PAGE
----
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Investigation of the epigenetic protein landscape using proteomics-based strategies
Investigation of the epigenetic protein landscape using proteomics-based strategies
Epigenetic gene regulation predominantly depends on proteins which modify histones, remodel chromatin structure and set or remove DNA methylation marks. In this study, we investigated the epigenetic protein landscape on different functional levels using mass spectrometry-based approaches. First, the local protein environment at a given DNA sequence can dramatically differ depending on the chromatin type, e.g. at euchromatic or heterochromatic regions. We developed a new strategy to investigate such local chromatin environments. By combining the programmable DNA binding of an inactive dCas9 protein with a promiscuous biotin ligase (BirA*), the heterochromatic DNA sequences of telomeres, major satellites and minor satellites were targeted and proteins binding to those regions were selectively labeled with biotin which enabled enrichment and protein identification via mass spectrometry. Using this CasID strategy, we found a novel candidate protein, ZNF512 (zinc finger protein 512), to be localized at heterochromatic regions. Second, we investigated epigenetic protein complex associations of the methylcytosine oxidase TET1 in mouse embryonic stem cells as well as in in vitro differentiated epiblast-like cells. For this purpose, a novel genome engineering strategy, termed MIN-tag technique was used to insert functional cassettes into the endogenous Tet1 locus. We performed GFP-pulldown experiments followed by mass spectrometry as well as proximity-dependent protein identification (BioID) and found that in case of the big, presumably unstructured and tightly chromatin associated protein TET1, BioID is favourable over affinity purification approaches to capture known and novel interacting proteins. The obtained dataset draws a complex picture of TET1-containing complexes with involvement in transcriptional regulation and chromatin remodeling. Importantly, we identified several novel putative interactors of TET1, e.g. the glutamine and serine rich protein QSER1. Finally, on the single protein level, post-translational modifications such as ubiquitination can significantly affect protein function. Here, the ubiquitination activity of the E3-ligase proteins and epigenetic regulators UHRF1 and UHRF2 was investigated. To this end, we performed a mass spectrometry-based screen for potential UHRF ubiquitination targets in mouse embryonic stem cells depleted for UHRF1 and UHRF2. Among numerous known and novel identified ubiquitination targets, we found PCNA-associated factor 15 (PAF15) ubiquitination to be dependent on UHRF1.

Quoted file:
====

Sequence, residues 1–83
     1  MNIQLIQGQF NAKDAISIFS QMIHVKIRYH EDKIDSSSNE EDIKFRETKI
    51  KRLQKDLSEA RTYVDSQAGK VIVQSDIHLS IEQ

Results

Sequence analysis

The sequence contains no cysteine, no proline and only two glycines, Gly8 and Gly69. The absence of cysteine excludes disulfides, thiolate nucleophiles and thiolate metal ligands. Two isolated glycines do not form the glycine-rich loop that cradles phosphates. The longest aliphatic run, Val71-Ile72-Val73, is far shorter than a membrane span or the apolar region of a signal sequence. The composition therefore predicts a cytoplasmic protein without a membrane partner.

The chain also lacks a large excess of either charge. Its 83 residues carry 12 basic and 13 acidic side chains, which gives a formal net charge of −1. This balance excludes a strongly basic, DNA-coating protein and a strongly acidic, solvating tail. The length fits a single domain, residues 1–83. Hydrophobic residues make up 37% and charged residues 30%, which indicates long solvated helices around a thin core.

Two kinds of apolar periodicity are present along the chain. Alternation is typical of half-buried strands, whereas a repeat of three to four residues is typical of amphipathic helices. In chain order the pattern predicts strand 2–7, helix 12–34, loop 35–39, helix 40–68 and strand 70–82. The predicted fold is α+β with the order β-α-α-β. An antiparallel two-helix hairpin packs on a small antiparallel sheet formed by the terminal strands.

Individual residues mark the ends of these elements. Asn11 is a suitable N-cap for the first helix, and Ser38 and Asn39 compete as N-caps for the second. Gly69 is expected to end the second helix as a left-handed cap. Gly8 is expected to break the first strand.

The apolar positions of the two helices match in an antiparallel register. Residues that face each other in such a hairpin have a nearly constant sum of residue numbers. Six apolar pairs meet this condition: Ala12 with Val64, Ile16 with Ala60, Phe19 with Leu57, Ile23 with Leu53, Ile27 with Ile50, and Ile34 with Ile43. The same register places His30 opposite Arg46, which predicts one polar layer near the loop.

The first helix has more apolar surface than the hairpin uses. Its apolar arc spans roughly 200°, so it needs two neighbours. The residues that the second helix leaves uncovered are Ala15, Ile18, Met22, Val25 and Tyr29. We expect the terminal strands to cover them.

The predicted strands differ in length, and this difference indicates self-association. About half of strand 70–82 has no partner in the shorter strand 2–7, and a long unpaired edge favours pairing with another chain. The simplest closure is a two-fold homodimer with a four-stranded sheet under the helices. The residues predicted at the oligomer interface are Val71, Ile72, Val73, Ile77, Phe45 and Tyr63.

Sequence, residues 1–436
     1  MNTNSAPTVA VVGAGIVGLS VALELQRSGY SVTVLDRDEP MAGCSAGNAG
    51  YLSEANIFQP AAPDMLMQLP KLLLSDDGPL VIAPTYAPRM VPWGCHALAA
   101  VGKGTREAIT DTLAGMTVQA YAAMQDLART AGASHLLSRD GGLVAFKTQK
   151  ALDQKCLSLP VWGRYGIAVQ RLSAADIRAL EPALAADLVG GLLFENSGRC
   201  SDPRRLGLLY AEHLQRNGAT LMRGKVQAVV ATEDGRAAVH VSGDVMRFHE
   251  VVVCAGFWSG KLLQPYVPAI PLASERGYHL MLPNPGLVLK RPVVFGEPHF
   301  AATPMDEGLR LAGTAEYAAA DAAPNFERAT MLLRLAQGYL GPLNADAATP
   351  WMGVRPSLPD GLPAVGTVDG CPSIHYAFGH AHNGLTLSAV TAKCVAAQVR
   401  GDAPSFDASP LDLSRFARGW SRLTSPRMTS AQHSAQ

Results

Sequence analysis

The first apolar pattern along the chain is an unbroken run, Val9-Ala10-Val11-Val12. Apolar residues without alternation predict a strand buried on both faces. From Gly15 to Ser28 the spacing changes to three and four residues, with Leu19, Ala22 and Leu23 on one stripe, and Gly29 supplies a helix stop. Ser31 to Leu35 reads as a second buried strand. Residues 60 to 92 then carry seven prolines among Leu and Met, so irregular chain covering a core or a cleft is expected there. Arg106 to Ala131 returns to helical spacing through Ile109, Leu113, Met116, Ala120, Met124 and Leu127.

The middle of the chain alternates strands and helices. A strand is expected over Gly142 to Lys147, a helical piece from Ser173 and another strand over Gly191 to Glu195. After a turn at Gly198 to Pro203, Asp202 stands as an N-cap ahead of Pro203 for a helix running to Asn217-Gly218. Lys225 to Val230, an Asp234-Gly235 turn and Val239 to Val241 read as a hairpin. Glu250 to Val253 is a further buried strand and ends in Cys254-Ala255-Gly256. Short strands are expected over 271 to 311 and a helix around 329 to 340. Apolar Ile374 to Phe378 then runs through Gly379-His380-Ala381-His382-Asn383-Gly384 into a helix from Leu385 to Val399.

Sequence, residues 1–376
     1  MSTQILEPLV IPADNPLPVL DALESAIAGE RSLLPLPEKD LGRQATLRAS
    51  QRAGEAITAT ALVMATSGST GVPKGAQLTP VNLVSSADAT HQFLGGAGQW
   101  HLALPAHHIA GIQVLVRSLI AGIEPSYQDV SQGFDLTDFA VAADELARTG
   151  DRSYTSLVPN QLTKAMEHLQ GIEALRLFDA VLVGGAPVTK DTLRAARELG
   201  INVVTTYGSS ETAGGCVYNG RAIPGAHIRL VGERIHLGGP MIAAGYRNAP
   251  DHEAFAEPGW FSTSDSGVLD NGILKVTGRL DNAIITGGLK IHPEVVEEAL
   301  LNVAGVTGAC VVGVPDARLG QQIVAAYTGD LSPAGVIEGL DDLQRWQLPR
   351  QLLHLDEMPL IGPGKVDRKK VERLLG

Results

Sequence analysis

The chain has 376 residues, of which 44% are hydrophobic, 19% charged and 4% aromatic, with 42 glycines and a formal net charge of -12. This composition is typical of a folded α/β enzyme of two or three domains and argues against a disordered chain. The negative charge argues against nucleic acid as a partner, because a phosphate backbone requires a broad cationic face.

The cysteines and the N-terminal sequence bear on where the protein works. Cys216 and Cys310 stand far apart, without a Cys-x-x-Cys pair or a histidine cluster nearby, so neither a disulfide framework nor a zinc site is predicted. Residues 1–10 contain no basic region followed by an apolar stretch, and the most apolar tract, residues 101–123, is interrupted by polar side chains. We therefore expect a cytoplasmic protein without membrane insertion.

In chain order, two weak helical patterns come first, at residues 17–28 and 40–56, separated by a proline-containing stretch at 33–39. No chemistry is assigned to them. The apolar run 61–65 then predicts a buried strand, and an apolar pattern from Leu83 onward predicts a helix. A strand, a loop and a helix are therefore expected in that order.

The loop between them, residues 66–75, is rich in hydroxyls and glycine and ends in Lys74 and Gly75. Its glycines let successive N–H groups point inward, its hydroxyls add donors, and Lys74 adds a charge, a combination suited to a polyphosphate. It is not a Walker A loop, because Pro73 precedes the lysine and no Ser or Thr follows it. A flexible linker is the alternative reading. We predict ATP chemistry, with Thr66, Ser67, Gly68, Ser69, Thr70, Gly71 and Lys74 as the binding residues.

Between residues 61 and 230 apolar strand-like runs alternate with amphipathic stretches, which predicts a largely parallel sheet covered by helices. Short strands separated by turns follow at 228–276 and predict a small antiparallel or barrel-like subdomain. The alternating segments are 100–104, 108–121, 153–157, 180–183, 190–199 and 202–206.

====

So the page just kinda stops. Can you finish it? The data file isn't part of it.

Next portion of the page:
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Karg, Elisabeth
2018
English
Universitätsbibliothek der Ludwig-Maximilians-Universität München
Karg, Elisabeth (2018): Investigation of the epigenetic protein landscape using proteomics-based strategies. Dissertation, LMU München: Faculty of Biology
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Abstract

Epigenetic gene regulation predominantly depends on proteins which modify histones, remodel chromatin structure and set or remove DNA methylation marks. In this study, we investigated the epigenetic protein landscape on different functional levels using mass spectrometry-based approaches. First, the local protein environment at a given DNA sequence can dramatically differ depending on the chromatin type, e.g. at euchromatic or heterochromatic regions. We developed a new strategy to investigate such local chromatin environments. By combining the programmable DNA binding of an inactive dCas9 protein with a promiscuous biotin ligase (BirA*), the heterochromatic DNA sequences of telomeres, major satellites and minor satellites were targeted and proteins binding to those regions were selectively labeled with biotin which enabled enrichment and protein identification via mass spectrometry. Using this CasID strategy, we found a novel candidate protein, ZNF512 (zinc finger protein 512), to be localized at heterochromatic regions. Second, we investigated epigenetic protein complex associations of the methylcytosine oxidase TET1 in mouse embryonic stem cells as well as in in vitro differentiated epiblast-like cells. For this purpose, a novel genome engineering strategy, termed MIN-tag technique was used to insert functional cassettes into the endogenous Tet1 locus. We performed GFP-pulldown experiments followed by mass spectrometry as well as proximity-dependent protein identification (BioID) and found that in case of the big, presumably unstructured and tightly chromatin associated protein TET1, BioID is favourable over affinity purification approaches to capture known and novel interacting proteins. The obtained dataset draws a complex picture of TET1-containing complexes with involvement in transcriptional regulation and chromatin remodeling. Importantly, we identified several novel putative interactors of TET1, e.g. the glutamine and serine rich protein QSER1. Finally, on the single protein level, post-translational modifications such as ubiquitination can significantly affect protein function. Here, the ubiquitination activity of the E3-ligase proteins and epigenetic regulators UHRF1 and UHRF2 was investigated. To this end, we performed a mass spectrometry-based screen for potential UHRF ubiquitination targets in mouse embryonic stem cells depleted for UHRF1 and UHRF2. Among numerous known and novel identified ubiquitination targets, we found PCNA-associated factor 15 (PAF15) ubiquitination to be dependent on UHRF1.